To protest the anti-Muslim rhetoric of this presidential campaign, high school counselor Martha DeVries decided to wear a hijab in public every Monday. DeVries, 47, attends a Baptist church and identifies as “a follower of Jesus,” but said she felt a responsibility to outwardly display her acceptance of Muslims and refugees.
How did Wheaton get here? Here are the highlights (and more than one little-publicized anecdote) into one timeline.
Coming on the heels of Mattel’s release of Barbies with different body types comes “Hijarbie,” or Barbie in hijab. Hijarbie is the creation of the 24-year-old Nigerian woman Haneefah Adam, and will be available at major toy retailers in the U.S.
What is revealed to the world at the Epiphany in the Incarnation is that God’s language to the world is embodied Love. Jesus, whom Muslims revere as a prophet, is the message of God’s love for those who were previously deemed beyond love’s boundaries. What Jesus reveals through his life, death, and resurrection is that it is we humans who cast out, and God who draws in. God’s love excludes no one. Jesus is God’s revelation that Love has no boundaries.
Wheaton College professor Larycia Hawkins says she is “flummoxed and flabbergasted” by the evangelical flagship’s decision to begin dismissal proceedings against her for expressing the belief that Muslims and Christians worship the same God.
Speaking at a press conference in the sanctuary of Chicago’s First United Methodist Church on Jan. 6, Hawkins reiterated that she has not wavered from the college’s statement of faith.
“Wheaton College cannot scare me into walking away from the truth (that) all humans — Muslims, the vulnerable, the oppressed of any ilk — are all my sisters and brothers, and I am called by Jesus to walk with them,” she said.
Since the Dec. 2 attacks in San Bernardino, Calif., the American-Arab Anti-Discrimination Committee has received more than a dozen phone calls from Muslim Americans locally reporting a variety of workplace discrimination and harassment complaints. Of those calls, one has triggered a lawsuit, and two similar workplace suits are in the works, said Fatina Abdrabboh, executive director of the Michigan office, who hopes the litigation sends a message to employers.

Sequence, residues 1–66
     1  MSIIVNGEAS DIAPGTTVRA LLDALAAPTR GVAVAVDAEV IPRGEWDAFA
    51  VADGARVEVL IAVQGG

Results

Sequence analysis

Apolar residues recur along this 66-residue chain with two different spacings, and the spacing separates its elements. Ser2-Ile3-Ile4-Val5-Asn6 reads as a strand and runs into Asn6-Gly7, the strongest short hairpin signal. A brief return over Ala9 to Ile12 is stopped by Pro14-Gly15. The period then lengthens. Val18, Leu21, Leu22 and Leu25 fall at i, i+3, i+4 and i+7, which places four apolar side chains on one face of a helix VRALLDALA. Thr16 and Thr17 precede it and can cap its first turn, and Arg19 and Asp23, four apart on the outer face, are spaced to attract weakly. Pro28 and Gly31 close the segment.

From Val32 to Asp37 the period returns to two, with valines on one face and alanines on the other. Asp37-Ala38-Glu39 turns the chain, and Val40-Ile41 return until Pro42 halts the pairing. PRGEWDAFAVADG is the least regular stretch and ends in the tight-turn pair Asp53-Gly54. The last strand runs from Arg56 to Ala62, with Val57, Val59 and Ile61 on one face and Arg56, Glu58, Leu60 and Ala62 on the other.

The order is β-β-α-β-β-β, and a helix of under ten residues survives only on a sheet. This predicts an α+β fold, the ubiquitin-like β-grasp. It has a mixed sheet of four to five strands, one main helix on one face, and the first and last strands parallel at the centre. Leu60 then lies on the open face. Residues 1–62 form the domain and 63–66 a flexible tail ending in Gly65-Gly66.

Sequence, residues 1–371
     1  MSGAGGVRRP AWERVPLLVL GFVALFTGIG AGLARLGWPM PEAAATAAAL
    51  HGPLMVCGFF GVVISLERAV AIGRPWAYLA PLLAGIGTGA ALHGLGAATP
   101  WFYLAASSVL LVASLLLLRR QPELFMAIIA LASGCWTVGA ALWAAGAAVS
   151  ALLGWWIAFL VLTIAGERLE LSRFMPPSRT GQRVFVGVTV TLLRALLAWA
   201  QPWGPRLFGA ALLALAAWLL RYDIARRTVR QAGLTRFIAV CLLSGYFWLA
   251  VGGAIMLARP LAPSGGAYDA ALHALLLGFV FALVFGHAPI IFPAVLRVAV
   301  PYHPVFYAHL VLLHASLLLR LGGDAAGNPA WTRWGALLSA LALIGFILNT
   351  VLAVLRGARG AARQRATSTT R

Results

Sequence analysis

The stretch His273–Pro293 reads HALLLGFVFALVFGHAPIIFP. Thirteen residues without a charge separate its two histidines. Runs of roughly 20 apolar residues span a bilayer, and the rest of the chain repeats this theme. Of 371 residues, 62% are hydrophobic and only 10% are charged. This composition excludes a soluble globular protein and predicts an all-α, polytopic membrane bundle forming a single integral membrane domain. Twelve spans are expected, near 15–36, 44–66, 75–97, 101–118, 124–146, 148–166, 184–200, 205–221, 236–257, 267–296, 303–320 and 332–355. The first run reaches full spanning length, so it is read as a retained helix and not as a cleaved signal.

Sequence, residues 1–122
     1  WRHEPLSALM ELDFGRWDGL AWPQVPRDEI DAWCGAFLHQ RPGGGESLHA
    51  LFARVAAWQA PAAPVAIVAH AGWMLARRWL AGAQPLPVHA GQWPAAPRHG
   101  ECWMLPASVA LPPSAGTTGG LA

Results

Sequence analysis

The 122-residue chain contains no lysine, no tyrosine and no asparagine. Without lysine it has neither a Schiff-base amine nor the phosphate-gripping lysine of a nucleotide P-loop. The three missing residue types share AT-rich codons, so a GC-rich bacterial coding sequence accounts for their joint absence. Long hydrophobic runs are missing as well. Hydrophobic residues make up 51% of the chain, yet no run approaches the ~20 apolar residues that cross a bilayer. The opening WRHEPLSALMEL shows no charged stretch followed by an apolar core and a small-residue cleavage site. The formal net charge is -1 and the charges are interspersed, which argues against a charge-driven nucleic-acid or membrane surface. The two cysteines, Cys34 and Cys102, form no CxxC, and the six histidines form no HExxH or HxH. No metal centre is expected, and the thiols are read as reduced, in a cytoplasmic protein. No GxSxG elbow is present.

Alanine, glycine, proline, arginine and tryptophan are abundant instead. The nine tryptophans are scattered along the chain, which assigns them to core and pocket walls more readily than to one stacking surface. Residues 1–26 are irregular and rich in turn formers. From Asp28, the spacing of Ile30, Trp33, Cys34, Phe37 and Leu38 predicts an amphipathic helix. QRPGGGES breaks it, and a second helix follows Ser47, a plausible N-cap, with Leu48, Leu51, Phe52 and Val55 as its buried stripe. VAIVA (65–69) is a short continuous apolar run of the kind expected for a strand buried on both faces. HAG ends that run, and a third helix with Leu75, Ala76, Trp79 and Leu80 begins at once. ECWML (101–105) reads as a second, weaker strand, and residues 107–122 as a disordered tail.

“We’re watching. This stuff can’t go unchecked … and if you think of putting someone in the back room or letting them go because of the headscarf, you can’t do it,” said Abdrabboh, who urges the public and employers not to “feed into this rhetoric against us.”
Maybe, as my alma mater Wheaton College would contend, it really is about doctrinal precision. Maybe for the sake of intellectual and spiritual integrity, there is a need to parry the ontological and epistemological arguments and counter-arguments, to determine the appropriate professional future of Dr. Larycia Hawkins, who dared to say on her Facebook page on Dec. 10 that Christians and Muslims “worship the same God.” But these issues look and feel differently in a place like Jos, Nigeria — where I was born to American missionary parents, six thousand miles from Wheaton’s campus chapel.
Wheaton College in Illinois announced on Tuesday that they had put Hawkins on administrative leave for her “same God” comments. In an official statement, college administrators expressed concern over the “theological implications” of her statements and promising a full review.
Founded in 1860, Wheaton has long been considered a fairly open-minded institution within evangelicalism. Science professors can teach evolution, government professors need not support conservative political theories, and students don’t have to worry about strict dress codes or stringent curfews like students at more fundamentalist colleges. In 2003, it eased bans on alcohol consumption and dancing.
But a string of politically charged events, culminating in Hawkins’ suspension, place Wheaton at an important crossroads. The school must now decide what kind of evangelical college they wish to be.
In northern Nigeria, mounting fears of militant female suicide bombers have raised calls to ban the hijab, or the veil that covers the head, chest and, in some cases, the entire body.
Last week, four women believed to be members of the Islamic militant group Boko Haram carried out attacks in Kano, a city in northern Nigeria. Men belonging to the group have taken to wearing the hijab, too, according to reports.
On July 27, a female suicide bomber detonated a bomb outside a Roman Catholic church in Kano, killing four people and injuring 70. Around the same time, security agencies arrested two girls aged 10 and 18 with explosive belts under their hijabs.
“We have this worrying situation where the bombers are turning out to be girls dressed in the hijab,” Roman Catholic Bishop John Niyiring of Kano said.
Banning the hijab is crucial to curbing the trend, said Emmanuel Akubor, a historian at Obafemi Awolowo University in Ile-Ife in western Nigeria.
“The best thing for now is to place a temporary ban on hijab, not for religious, but security reasons,” he told News Agency of Nigeria.
But Niyiring said he thinks such a ban would be resisted.
Thousands of Iranian women are sending photos of themselves without their hijab, or veil, to a new London-based Facebook page dedicated to allowing them “stealthy freedoms.”
The Facebook page — called “Stealthy Freedom of Iranian Women” — was set up by Iranian journalist Masih Alinejad and has attracted almost 150,000 likes.
Alinejad told the Guardian, which first reported about the site, that she has been inundated with messages and photos since launching it May 3.
“I’ve hardly slept in the past three days because of the number of pictures and messages I’ve received,” she told the newspaper.
The photos show women — sans veil — in parks, on the beach, or on the street.